NEW YORK (Reuters) – U.S. bank stocks, which had their best week on record last week, powered higher again on Monday amid optimism that banks are succeeding in efforts to restore profitability, and that a change to accounting rules might alleviate feared capital shortfalls. In afternoon trading, the KBW Bank Index .BKX of large U.S. lenders was up 6.8 percent, after rising 37.4 percent last week in what Barclays Capital analyst Jason Goldberg called the biggest gain in the index's history. Among individual lenders, Bank of America shares were up 18.1 percent in afternoon trading to $6.80, JPMorgan 5.5 percent to $25.05, Citigroup 42.1 percent to $2.53, and Wells Fargo & Co (WFC.N) 7.3 percent to $14.96. There is a general picture emerging that at least from an operating standpoint, banks are enjoying a better period than they have had for a couple of years," said Marshall Front, chairman of Front Barnett Associates LLC in Chicago.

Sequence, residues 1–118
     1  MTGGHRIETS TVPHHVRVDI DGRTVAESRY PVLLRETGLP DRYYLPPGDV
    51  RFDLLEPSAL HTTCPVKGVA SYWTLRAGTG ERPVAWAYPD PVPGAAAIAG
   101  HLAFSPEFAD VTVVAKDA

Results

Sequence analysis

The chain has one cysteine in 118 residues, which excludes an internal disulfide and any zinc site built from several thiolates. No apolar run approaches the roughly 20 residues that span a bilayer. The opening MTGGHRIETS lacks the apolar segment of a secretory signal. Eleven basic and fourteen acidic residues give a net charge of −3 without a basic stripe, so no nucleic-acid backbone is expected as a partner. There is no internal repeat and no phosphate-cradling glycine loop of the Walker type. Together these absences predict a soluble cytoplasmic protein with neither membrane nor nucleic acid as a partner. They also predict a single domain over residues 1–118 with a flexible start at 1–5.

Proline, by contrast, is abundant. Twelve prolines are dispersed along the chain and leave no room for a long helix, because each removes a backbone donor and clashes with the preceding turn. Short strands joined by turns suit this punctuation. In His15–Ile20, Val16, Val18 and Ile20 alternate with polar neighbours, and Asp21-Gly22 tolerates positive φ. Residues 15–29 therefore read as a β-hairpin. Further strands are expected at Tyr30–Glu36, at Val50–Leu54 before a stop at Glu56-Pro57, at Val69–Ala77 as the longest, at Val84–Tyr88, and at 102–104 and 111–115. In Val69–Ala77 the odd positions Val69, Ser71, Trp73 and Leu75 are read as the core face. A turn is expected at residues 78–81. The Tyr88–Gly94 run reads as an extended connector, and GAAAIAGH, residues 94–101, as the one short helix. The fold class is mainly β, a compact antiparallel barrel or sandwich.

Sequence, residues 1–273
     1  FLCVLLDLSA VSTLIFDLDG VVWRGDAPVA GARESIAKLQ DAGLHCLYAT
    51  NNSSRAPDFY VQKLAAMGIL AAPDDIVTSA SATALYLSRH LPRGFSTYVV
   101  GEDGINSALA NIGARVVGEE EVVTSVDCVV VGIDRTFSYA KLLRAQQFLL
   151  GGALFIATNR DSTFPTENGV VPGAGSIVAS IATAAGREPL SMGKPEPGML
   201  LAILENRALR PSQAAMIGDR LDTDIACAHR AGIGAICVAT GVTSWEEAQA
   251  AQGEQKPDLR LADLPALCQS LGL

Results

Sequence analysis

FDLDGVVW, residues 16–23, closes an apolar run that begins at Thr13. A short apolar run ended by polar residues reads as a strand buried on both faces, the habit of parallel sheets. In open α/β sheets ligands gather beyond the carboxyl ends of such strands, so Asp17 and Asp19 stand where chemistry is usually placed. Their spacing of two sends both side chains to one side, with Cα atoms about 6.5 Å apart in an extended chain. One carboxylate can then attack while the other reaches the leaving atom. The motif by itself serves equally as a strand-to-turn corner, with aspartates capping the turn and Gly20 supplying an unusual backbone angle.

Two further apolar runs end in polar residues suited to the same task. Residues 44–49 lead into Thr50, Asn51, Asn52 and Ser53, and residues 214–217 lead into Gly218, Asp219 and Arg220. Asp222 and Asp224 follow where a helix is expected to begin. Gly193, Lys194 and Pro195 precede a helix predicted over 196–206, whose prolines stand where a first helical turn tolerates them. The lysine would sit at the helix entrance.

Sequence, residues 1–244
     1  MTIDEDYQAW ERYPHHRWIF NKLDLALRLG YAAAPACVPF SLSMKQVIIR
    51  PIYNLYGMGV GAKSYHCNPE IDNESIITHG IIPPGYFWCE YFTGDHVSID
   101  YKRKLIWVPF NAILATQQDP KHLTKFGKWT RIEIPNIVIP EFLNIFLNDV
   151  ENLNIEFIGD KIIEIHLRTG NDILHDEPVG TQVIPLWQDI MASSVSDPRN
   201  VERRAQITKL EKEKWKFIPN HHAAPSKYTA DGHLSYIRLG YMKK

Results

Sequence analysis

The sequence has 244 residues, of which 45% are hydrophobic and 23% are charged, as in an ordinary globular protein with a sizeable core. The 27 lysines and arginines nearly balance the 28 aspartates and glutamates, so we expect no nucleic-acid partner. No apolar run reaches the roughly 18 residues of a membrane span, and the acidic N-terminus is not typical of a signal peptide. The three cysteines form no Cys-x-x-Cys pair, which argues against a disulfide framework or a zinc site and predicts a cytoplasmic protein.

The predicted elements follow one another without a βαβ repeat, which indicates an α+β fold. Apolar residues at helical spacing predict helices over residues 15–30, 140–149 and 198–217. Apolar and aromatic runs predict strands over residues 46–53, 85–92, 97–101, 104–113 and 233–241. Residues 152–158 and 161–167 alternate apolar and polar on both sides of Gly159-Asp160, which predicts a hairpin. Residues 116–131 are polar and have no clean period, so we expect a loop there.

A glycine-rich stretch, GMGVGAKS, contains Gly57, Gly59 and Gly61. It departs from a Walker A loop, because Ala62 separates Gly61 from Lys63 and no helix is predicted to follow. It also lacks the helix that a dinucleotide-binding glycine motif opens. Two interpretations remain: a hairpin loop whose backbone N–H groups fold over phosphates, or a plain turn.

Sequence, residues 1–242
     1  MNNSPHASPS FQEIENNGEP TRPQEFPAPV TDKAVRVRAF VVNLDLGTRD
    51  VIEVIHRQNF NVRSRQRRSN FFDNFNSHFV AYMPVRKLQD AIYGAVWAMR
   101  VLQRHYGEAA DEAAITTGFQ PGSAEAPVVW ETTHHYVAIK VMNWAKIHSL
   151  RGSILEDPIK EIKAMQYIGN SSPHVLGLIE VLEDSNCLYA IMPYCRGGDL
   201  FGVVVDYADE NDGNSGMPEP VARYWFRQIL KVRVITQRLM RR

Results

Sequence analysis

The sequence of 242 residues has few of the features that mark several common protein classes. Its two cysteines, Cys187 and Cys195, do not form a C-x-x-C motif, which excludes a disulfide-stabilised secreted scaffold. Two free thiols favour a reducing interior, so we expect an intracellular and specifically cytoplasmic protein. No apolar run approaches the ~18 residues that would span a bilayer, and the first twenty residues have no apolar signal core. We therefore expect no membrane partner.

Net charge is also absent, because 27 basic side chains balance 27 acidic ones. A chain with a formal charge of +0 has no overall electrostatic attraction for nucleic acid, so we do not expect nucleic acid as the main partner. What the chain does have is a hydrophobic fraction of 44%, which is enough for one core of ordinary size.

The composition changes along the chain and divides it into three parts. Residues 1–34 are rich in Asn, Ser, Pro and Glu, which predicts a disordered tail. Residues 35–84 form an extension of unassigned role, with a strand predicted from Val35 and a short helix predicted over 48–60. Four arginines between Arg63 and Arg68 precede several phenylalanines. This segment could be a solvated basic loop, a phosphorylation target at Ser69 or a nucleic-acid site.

MELTDOWN FEAR EASES
Bank stocks also rose after finance chiefs from the Group of 20 nations over the weekend pledged to boost efforts to help economies, and Federal Reserve Chairman Ben Bernanke said the U.S. economy will probably emerge from recession this year. "There's a lack of pessimism," said Jack Ablin, chief investment officer at Harris Private Bank in Chicago. "Maybe investors are taking that meltdown scenario off the table."